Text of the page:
News Feature | July 22, 2014

Sysco Receives Nearly $20 Million In Fines For Unrefrigerated Food Storage

Source: Food Online
Sam Lewis

By Sam Lewis

Sysco Penalties Cold Chain Consumer Trust

The food distributor’s California business has been penalized $19.4 million for allowing perishable foods to be stored in sheds without refrigeration units

In a major breach of the cold chain, Sysco has been found guilty of warehousing perishable foods — uncooked meats, seafood, and milk — in unrefrigerated storage sheds. The company, along with its seven subsidiaries within the state, has been ordered by a California court to pay a fine totally nearly $20 million. The district attorney of California’s Santa Clara County, Jeffrey Rosen, says the offense is a significant breach in consumer trust. “When we go out to eat with our friends and families, we should be assured our meals are safe to eat,” says Rosen. “It is not a luxury for our food to be handled with the utmost professional care to ensure it is not dangerous; that is your right, and that is the law.”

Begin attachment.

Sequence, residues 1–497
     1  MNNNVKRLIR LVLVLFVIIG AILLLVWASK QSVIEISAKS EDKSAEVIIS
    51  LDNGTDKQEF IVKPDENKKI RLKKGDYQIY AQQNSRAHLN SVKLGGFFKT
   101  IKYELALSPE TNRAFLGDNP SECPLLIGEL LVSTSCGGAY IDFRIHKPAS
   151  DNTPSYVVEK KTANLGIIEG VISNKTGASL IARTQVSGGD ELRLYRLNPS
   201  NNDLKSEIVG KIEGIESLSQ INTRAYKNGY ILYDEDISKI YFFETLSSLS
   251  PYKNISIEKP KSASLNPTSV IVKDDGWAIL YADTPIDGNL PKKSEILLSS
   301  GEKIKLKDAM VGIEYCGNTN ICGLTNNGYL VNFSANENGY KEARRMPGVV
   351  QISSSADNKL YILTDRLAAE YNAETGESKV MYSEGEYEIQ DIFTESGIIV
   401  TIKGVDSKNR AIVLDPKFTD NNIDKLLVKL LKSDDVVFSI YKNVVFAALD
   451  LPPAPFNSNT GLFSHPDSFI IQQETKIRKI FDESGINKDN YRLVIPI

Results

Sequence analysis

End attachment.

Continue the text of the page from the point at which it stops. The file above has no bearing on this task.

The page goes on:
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According to the case, Sysco’s food trucks delivered smaller food orders to the unrefrigerated sheds. The orders would later be picked up the company’s workers, using personal vehicles rather than the company’s, to bring customers their orders. But this isn’t the first time Sysco has been in the news for unacceptable cold chain practices. Last year, the company’s practices were uncovered by a local television station. That event prompted an investigation of the company’s food storage practices throughout California by the state’s Department of Public Health. That investigation led to an enforcement proceeding directed by the DA’s offices in Santa Clara and Santa Cruz counties. Eventually the investigation found that Sysco used 22 total unauthorized food storage facilities in California. Most of these units were not refrigerated or properly sanitized.

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The nearly $20 million fine includes $15 million in penalties, $4 million in restitution — of which $1 million will be contributed to California food banks — and $3.3 million will go toward a five-year, California program to pay for the endeavors of state inspectors who enforce food transportation laws. Finally, Sysco will be required to make a company-wide food-safety program that promises that dangerous, illegal, cold-chain, food-storage practices will not occur again.